set out

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Related to set out: set out to do
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set (something) out

1. To organize, present, or lay out some information. Please set out the details of your proposal in an email. At the conference, the new president set out her plan for reducing the carbon footprint of the country.
2. To display or present an object. We're having the students set out their dioramas in the main hallway for parents to see. The merchant set his wares out in the street market.
3. To present or prepare a serving of food to be eaten. Can I set out a bowl of stew for you? I'll set out a piece of pie for Jim to eat when he gets back from work.
See also: out, set

set out (for some place)

To depart for or begin traveling (to some place). Have an amazing time in Japan! When do you set out? I'm setting out for New York tomorrow to attend a business meeting.
See also: out, set

set out to (do something)

To begin to undertake a task; to attempt or intend to do something. Framed for murder and wanted by police, the lone detective set out to clear her name. We set out to create the most elegant and user-friendly smartphone ever made, and I think we did it.
See also: out, set, to
Farlex Dictionary of Idioms. © 2015 Farlex, Inc, all rights reserved.

set something out (for someone or something)

to remove something and place it so that it is available for someone or some purpose. I set a piece of cake out for you to eat whenever you get home. Liz set out some cake for Karen.
See also: out, set

set out (on something)

to begin a journey; to begin a project. We set out on our trip exactly as planned. We set out at noon.
See also: out, set

set out

(for some place) (from some place) to leave from some place on a journey for some place. We set out for home from the cabin on the very next morning. We set out from the cabin at dawn.
See also: out, set
McGraw-Hill Dictionary of American Idioms and Phrasal Verbs. © 2002 by The McGraw-Hill Companies, Inc.

set out

1. Begin an earnest attempt, as in He set out to prove his point, or We accomplished what we set out to do. [Late 1800s]
2. Lay out systematically, as in She set out all the reports in chronological order. [Second half of 1500s]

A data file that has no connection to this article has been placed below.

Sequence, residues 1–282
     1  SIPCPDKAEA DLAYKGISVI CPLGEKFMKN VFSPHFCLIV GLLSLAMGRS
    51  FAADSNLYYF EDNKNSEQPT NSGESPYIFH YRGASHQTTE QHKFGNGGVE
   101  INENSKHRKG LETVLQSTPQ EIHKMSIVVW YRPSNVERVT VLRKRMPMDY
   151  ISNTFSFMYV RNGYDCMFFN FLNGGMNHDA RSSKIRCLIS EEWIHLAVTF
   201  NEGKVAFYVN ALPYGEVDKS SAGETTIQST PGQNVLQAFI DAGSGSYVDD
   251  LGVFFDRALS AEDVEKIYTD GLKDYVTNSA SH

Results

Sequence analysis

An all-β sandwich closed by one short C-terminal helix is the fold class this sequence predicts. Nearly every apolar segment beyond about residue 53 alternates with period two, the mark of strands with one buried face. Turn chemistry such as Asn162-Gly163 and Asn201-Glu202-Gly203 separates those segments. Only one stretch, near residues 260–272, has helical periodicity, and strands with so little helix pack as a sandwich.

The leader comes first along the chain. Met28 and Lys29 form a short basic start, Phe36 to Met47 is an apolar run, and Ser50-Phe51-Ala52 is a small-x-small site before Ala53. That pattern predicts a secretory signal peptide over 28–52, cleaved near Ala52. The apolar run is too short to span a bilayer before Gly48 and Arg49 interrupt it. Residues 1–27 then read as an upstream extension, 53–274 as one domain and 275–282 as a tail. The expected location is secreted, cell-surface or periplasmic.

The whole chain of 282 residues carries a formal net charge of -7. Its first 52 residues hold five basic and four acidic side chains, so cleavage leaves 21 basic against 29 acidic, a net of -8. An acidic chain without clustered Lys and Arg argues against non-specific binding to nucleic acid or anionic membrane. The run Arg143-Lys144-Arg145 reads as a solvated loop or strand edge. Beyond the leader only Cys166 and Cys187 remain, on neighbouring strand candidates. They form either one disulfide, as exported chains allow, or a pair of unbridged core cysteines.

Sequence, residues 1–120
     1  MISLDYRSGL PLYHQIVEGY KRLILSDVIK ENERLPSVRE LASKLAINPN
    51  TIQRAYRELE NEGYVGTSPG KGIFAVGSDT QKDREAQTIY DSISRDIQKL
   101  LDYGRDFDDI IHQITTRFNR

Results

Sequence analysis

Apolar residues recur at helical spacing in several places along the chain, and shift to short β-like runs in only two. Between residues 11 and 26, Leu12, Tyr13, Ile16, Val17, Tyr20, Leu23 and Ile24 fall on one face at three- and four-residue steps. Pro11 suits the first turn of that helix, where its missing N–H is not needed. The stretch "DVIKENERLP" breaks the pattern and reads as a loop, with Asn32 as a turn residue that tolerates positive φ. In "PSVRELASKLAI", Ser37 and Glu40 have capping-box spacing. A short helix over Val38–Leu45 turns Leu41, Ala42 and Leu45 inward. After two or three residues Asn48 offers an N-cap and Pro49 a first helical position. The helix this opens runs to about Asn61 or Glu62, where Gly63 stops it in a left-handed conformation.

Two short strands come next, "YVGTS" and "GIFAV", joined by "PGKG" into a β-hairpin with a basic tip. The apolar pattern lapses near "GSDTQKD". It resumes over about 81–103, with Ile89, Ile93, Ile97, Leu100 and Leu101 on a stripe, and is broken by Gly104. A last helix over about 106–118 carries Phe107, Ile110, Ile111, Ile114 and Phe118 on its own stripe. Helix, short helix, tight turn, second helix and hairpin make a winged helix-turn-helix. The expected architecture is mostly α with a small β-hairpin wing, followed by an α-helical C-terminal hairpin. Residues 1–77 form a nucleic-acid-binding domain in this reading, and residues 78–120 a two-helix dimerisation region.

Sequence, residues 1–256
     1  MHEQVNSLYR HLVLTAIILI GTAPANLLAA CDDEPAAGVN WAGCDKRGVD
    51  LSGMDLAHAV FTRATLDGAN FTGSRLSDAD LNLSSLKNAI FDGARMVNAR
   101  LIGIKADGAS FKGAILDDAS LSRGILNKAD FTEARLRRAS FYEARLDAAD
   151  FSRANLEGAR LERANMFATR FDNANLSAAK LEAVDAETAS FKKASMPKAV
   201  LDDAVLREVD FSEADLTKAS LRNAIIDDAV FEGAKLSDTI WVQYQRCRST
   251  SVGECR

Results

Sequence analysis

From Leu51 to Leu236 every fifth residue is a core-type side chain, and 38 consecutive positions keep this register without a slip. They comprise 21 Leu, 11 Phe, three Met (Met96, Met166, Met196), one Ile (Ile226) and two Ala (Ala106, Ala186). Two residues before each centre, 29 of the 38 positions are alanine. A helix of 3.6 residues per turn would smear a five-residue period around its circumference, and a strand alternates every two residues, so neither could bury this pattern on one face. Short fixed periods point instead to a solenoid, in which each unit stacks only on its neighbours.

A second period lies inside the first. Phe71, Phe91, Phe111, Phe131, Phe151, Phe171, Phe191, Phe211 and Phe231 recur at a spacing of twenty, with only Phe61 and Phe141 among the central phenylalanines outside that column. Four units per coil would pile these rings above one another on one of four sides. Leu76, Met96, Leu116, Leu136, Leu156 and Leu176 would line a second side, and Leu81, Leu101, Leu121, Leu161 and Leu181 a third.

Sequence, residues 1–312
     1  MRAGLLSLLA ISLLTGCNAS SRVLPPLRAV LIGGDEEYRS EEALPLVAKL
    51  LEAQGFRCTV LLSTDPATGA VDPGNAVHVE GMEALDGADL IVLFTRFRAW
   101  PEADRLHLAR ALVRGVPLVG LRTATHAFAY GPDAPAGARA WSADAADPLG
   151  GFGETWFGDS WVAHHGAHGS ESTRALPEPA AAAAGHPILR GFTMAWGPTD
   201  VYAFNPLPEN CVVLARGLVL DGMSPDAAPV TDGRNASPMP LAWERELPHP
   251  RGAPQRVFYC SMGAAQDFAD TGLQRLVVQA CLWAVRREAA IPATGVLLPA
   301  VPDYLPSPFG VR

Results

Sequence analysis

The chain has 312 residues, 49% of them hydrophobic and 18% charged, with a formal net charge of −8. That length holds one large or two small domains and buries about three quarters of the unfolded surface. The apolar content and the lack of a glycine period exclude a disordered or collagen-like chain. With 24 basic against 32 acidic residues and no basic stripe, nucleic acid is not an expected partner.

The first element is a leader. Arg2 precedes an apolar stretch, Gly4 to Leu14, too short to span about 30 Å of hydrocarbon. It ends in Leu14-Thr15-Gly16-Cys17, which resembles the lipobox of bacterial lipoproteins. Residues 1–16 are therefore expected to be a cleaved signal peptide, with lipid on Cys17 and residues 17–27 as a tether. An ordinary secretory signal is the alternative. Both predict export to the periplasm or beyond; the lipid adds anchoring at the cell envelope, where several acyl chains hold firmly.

3. Display for exhibition or sale, as in The Japanese restaurant set out samples of all the different kinds of sushi. [c. 1300]
4. Plant, as in It was time to set out the seedlings. [Early 1800s]
5. Begin a journey, as in They set out at dawn. [Late 1500s]
See also: out, set
The American Heritage® Dictionary of Idioms by Christine Ammer. Copyright © 2003, 1997 by The Christine Ammer 1992 Trust. Published by Houghton Mifflin Harcourt Publishing Company. All rights reserved.

set out

1. To start a journey: She set out at dawn for town.
2. To begin an earnest attempt to do something; undertake something: Four years ago, we set out to reform the government, and since then, we have accomplished much.
3. To make something explicit, especially an idea or plan: In her speech, she set out a plan for her second term in office. He set his ideas out in a detailed report.
4. To display something for exhibition or sale: The vendor set out a large display of fruit and vegetables. The children set a pumpkin out for Halloween.
5. To plant something: They set out seeds last year, and now the field is full of flowers. We should set some tulip bulbs out this fall.
See also: out, set
The American Heritage® Dictionary of Phrasal Verbs. Copyright © 2005 by Houghton Mifflin Harcourt Publishing Company. Published by Houghton Mifflin Harcourt Publishing Company. All rights reserved.
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References in periodicals archive ?
Improving Health in Wales set out a two-track approach.
The plan set outs how the Welsh Government will ensure equality of access to maternity services and protect the welfare of unaccompanied children seeking asylum.
Mike Childs, Friend's of the Earth's head of climate, said: "As this report set outs, small businesses have much to gain from cutting their emissions - insulating offices and producing clean energy will save thousands on fuel bills, and there's going to be plenty of new job opportunities as loftlaggers, roofers and technicians are needed to improve the UK's woefully inefficient buildings.
It could result in Ministers reconsidering the entire Aviation White Paper, because the recommendations it set outs for different parts of the country are connected.
The Government has already set outs its vision and commitment to reform the further education sector in Success for All (see